The attempt to put public space travel into the hands of the common people includes those who are envisioning how to pay for it. Berinstein’s book covers the Colony Fund, the brainchild of Tom Olson and Paul Contursi who reasoned that individuals cannot really invest in sending humans into space unless they buy stock in a public company that works in the space industry like Boeing or Lockheed-Martin. Unless a person could buy unrealistically huge amounts of stock, however, no one individual could ever have much control over these rocket-building companies; thus the birth of their public fund. “The Colony Fund is an investment fund,” says Berinstein, “in which people can invest as little as $1,000. This fund would be dedicated to developing technology and missions and projects to get people into space. This way people around the world, not just in the U.S., could actually band together and make a difference and fund projects that are much more likely to get humans into space. You can’t contribute money to NASA; you can’t say, ŒI want to give $100 or $1,000 or even $100,000 to NASA and I want them to do this with it.” It’s impossible. So the Colony Fund was their idea, and they are working on setting up this fund. It has a long horizon. They’re envisioning people making investments for their children or even for their grandchildren.”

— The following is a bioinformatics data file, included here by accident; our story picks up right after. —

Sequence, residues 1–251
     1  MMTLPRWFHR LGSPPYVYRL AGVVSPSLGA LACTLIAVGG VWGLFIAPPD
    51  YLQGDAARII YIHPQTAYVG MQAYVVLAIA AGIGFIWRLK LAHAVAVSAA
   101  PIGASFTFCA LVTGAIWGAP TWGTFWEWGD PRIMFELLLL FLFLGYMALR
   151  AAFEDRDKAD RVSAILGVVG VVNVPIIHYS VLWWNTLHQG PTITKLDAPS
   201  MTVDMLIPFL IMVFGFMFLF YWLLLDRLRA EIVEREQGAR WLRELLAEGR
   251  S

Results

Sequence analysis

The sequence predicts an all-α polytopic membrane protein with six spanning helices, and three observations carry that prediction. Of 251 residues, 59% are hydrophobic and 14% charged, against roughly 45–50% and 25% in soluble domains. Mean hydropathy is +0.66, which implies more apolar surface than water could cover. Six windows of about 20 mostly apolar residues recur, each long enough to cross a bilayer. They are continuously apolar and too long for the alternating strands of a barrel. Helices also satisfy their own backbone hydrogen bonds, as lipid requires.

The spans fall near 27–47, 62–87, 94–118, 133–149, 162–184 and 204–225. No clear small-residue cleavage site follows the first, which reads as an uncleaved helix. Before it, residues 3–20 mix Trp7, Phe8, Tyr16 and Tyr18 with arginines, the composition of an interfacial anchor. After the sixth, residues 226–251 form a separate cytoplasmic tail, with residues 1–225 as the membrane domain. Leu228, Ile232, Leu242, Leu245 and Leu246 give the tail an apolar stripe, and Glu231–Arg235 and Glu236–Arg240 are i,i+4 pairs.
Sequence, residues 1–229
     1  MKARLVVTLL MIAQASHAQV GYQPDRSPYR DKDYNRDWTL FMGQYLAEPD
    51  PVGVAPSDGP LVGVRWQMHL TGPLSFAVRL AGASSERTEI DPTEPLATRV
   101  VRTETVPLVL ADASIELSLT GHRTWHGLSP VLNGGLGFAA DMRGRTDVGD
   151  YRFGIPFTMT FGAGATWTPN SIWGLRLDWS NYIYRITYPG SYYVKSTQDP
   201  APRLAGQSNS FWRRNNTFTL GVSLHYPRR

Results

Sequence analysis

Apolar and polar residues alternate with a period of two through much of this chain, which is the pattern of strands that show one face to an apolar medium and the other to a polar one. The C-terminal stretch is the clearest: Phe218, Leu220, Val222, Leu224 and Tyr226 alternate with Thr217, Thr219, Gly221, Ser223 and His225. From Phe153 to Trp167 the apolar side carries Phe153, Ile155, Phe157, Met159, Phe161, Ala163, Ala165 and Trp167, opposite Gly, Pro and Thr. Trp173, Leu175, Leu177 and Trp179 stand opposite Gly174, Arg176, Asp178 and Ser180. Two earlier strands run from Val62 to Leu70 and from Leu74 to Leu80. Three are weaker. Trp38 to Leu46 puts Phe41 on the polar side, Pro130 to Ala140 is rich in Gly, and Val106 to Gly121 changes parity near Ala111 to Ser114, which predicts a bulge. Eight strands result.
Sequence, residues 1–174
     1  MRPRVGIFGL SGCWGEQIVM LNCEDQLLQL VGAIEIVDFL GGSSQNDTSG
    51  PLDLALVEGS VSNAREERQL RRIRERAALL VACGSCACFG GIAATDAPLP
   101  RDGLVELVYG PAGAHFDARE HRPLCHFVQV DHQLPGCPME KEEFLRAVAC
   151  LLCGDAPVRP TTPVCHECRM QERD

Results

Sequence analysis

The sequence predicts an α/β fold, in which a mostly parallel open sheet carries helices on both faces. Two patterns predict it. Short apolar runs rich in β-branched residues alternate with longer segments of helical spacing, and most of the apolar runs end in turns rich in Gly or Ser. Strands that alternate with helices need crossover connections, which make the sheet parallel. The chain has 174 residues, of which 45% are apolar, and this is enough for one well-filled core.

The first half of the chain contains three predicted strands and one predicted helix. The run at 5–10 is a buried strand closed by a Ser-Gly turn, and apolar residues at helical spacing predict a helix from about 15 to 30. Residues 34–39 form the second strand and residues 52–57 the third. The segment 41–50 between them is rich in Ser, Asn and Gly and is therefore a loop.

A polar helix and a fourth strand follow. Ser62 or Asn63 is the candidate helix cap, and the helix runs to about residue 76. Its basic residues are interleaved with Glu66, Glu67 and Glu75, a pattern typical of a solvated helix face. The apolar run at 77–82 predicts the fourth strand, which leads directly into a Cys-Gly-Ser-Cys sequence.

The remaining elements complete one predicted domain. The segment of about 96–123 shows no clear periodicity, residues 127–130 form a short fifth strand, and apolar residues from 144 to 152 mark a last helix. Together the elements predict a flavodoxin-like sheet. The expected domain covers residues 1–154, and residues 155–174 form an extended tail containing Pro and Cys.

As a woman, Berinstein may have been more inclined to look at “making space happen” less as a mechanical phenomenon, and more as a human problem encompassing what mass space travel means to us as humanity, to our relationships, to our purpose. “Obviously, I would like to see us go into space in a peaceful way, and in a fun way, and in a respectful way,” says Berinstein. “Of course, the questions of who owns space and who controls it are major questions, and a lot of people worry that we will export the same problems that we have on earth into space, which is one reason they argue we shouldn’t go. I think we should, and I think we need to go. My major reason is that I don’t want to see all of the accomplishments of civilization destroyed. I want to see them preserved, and no matter what happens to the Earth, I want to see Shakespeare and Mozart and all those other things preserved…. I also agree that if we do go, it will change us as a species. It will change our outlook in a number of ways. There’s very little question in my mind that it will make us more respectful of the universe. There will also be a spiritual dimension to it. How can you go out there into this void of space with nothing around you and not feel awed and a variety of emotions that are a lot harder to feel here, I think.”

Paula Berinstein has added her voice to what is often a very mechanical and militaristic vision—one that is almost a replication of the model we have on earth of extracting resources and making a profit. Her book begs the question of defining what is our reason for going off planet. Space is universal, and before we venture forth there en masse, we must find an ethical vision with which to structure a mindful and loving colonization.